Rust can harm the appearance and surface value of an item, but it can also do major damage if it is not discovered and prevented from the beginning. Don’t let corrosion result in the failure of your product. Whether it leads to unhappy customers or a major structural issue in a building, it is important to know what corrosion is and the basics of preventing different types of corrosion.
How Corrosion Happens
Corrosion is primarily caused by moisture and the electrochemical reactions that happen between the fastener and it’s mating components. When a water drop rests on a plain iron surface and its surface is exposed to air, the surface is made rich in oxygen. The inside of the water droplet lacks oxygen resulting in electrochemical differences. This allows for an electric current to flow through the water acting as an electrolyte, causing iron ions to dissolve. While this is happening, hydroxide ions are also forming in the water and react with the iron ions causing precipitation of iron Hydroxide Fe which quickly forms iron oxide hydrate, or rust.
Types of Corrosion
To understand how to prevent corrosion, it is important to know the difference between the different types of corrosion. Knowing which type of corrosion you are dealing with will help to best determine how it can be prevented.
Uniform Corrosion: The most common type of corrosion, uniform corrosion is identified by its reddish color distributed evenly throughout the exposed part of the fastener.
Prevention: To prevent uniform corrosion it is important to allow for water run-off and good ventilation when designing. Also, prevent continuous condensation by keeping surfaces clean and protect fasteners from the beginning with platings or coatings.
Crevice Corrosion: Crevice corrosion occurs because small gaps and recesses tend to draw in moisture and do not have good ventilation. When crevice corrosion occurs, the risk for crevice corrosion multiplies with the number of joint faces.
Prevention: Crevice corrosion can be avoided by minimizing the use of washers and making joint interfaces as smooth as possible. Another strategy which helps is adding a gasket or sealer between the clamped materials.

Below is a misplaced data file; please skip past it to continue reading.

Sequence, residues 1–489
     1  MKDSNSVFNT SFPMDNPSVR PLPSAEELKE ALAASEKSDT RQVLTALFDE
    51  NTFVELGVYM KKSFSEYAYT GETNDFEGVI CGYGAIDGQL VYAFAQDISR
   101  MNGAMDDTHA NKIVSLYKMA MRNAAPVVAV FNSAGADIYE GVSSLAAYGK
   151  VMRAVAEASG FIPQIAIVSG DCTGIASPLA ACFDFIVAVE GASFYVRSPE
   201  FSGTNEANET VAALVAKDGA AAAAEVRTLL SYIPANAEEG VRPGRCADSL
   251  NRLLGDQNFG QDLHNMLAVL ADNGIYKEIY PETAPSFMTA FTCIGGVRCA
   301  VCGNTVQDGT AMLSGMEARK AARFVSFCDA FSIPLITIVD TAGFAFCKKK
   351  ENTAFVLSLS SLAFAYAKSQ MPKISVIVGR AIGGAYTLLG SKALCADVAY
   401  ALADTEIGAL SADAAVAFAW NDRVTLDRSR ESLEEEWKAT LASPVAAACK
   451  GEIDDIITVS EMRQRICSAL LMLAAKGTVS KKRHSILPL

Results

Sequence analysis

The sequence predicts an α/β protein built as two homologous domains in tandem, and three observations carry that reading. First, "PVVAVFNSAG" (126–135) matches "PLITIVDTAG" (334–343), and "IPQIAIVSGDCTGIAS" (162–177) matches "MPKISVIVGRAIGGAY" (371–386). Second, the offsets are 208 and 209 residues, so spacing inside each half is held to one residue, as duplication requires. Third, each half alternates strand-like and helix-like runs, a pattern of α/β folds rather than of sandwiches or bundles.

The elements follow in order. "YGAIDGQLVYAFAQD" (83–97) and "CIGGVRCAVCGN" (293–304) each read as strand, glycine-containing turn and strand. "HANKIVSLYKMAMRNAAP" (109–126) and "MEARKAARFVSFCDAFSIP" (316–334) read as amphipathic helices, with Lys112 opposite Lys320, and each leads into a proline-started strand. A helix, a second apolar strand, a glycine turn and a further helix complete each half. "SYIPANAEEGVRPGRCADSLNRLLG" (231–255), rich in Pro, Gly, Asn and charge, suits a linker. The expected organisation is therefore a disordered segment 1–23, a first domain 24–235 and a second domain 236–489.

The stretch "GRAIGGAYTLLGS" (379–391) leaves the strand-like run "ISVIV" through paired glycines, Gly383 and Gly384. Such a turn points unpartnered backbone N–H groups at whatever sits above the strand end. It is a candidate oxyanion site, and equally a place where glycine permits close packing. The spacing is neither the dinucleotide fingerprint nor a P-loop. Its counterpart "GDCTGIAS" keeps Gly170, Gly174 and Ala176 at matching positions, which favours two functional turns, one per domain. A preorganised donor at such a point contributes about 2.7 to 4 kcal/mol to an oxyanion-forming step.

Galvanic Corrosion: Galvanic corrosion is a result of two dissimilar metals in the presence of moisture.
Prevention: This type of corrosion can be prevented by using fastener materials or protective finishes that are either as noble or more noble than the joint. You can also use plastic washers where clamp load is not critical or avoid using stainless steel or copper parts with zinc plated fasteners.
Pitting Corrosion: Pitting corrosion occurs on a metal surface that is coated by a very noble finish like nickel or chromium. The exposed area becomes less noble than the much larger area around it that is less affected by environmental factors. This creates a current density allowing for galvanic corrosion in the pits.
Prevention: To prevent Pitting Corrosion always keep surfaces clean and smooth. Avoid solid or liquid residues, especially chlorides and use A4 or 316 stainless steel when there can be chlorides present. Also, work with your nickel plater to use subsequent treatments that can fill pores.
Intergranular Corrosion: Austenitic stainless steels can develop intergranular corrosions when they are heated to a high temperature for hot forming or welding.
Prevention: For intergranular corrosion prevention, use stainless steel with carbon content below 0.05% and quench parts in water immediately after heating. If using stainless steel containing over 0.05% carbon it can be stabilized by adding titanium, niobium or tantalum.
Stress Corrosion Cracking: Stress corrosion cracking may result when corrosion occurs on
fasteners subjected to tension. This type of failure often starts with pitting corrosion.
Prevention: Stress corrosion prevention can start with following the guidelines for pitting corrosion prevention. In addition to those guidelines, periodically inspect safety critical parts, hot dip galvanizing if necessary, to check for corrosion. Always ensure that these safety critical fasteners are accessible for inspection and replacement.
Hydrogen Embrittlement: While not a form of corrosion Hydrogen embrittlement in a fastener can be a result of corrosion in a joint. If high strength fasteners are stressed, small surface defects like scratches may turn into a small crack. If hydrogen is present in the steel atoms, they are attracted by the tensile stresses around the tip of the crack and form a “hydrogen atom cloud” there. The hydrogen weakens the microstructure of the metal and the crack may continue to grow until the part fails.
Prevention: To prevent Hydrogen embrittlement, avoid electroplating or the use of acid cleaning for high strength fasteners. If Hydrogen is introduced in large quantities to a high strength fastener the possibility of embrittlement is very prominent.
Above all, make fastener choice a priority during the initial stages of the design processes to avoid chance of corrosion from the start.
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To learn more about corrosion and preventing corrosion, contact us at ProvenProductivity@bossard.com.
What is Corrosion and How Can You Prevent It? by Bossard